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S Asia Meeting on Violence Against Children

UN Meeting for South Asia Seeks End to Violence Against Children

New York, May 19 2005 2:00PM

A United Nations-backed regional meeting dealing exclusively with violence against children, the first of its kind to be held in South Asia, opened today in Islamabad, Pakistan, amid calls for countries in the region to do more to prevent physical and psychological harm to young people.

More than 165 people, including delegates from all governments in the region, staff from UN agencies and child care organizations, are taking part in the groundbreaking three-day meeting as part of the global consultation for UN Secretary General Kofi Annan's study on violence against children.

"We know many children in South Asia are extremely vulnerable and that a beaten child is a damaged child who may be killed, maimed or psychologically damaged for the rest of their lives," said Cecilia Lotse, Regional Director for the UN Children's Fund (UNICEF).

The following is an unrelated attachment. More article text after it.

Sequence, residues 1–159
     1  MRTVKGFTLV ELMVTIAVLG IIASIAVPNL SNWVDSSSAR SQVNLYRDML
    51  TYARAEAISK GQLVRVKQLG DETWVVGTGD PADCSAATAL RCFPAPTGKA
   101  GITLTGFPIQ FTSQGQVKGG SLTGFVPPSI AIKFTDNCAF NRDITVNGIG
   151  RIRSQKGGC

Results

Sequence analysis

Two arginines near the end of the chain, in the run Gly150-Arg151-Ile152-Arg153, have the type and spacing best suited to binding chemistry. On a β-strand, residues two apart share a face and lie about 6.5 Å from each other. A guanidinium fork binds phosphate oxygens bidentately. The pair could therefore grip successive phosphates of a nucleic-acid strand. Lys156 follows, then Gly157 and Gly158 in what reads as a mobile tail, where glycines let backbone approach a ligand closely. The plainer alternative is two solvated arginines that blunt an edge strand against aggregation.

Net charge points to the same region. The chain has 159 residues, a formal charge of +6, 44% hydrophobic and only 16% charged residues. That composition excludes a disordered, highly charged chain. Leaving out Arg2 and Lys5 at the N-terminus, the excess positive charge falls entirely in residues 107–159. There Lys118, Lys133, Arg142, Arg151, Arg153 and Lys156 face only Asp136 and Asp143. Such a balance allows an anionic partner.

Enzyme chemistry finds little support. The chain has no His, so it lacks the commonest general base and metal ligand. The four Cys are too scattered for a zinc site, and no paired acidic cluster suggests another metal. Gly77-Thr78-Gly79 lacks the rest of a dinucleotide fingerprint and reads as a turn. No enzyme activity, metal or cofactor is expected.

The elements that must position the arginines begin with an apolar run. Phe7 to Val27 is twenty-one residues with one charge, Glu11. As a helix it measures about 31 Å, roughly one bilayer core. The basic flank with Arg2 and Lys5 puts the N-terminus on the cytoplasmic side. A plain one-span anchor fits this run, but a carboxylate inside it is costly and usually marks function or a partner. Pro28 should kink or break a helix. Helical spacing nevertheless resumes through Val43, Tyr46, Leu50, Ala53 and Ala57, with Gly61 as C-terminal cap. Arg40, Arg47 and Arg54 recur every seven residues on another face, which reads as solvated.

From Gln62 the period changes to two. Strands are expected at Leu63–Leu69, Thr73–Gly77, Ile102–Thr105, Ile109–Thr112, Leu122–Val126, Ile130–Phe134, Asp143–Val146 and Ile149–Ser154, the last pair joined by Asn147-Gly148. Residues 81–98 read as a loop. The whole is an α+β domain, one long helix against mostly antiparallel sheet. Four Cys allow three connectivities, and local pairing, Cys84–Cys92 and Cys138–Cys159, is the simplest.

"Underlying so much of what is going on in South Asia is gender discrimination and inequality affecting children," she said, adding: "This meeting is extremely important and comes at a time when there is more knowledge about abuses that used to go unseen. We all have to take up the challenge."

The global consultation calls for reports to focus on how children are affected by violence in five settings: the home and family; schools and other institutions; work situations; the community and on the streets. The South Asia contribution to the process will highlight specific issues of gender related violence, child sexual abuse and physical and psychological punishment.

The meeting was to be opened by Pakistan's First Lady, Begum Sebha Pervez Musharraf, who was expected to welcome this initiative to discuss issues affecting so many children in the region. The event was preceded by a two-day meeting of youngsters from across the region who presented their views to the participants, including Paulo Sergio Pinheiro, the Secretary General's Independent Expert for the global study.

In 2001, the UN General Assembly requested the Secretary-General to conduct "an in-depth study on the question of violence against children." The following year, the Geneva-based UN Commission on Human Rights suggested that he appoint an independent expert to direct the study, in collaboration with the Office of the UN High Commissioner for Human Rights (OHCHR), UNICEF and the UN World Health Organization (WHO). Mr. Pinheiro was named in February 2003 as the independent expert to direct the study, to be completed by 2006.

ENDS

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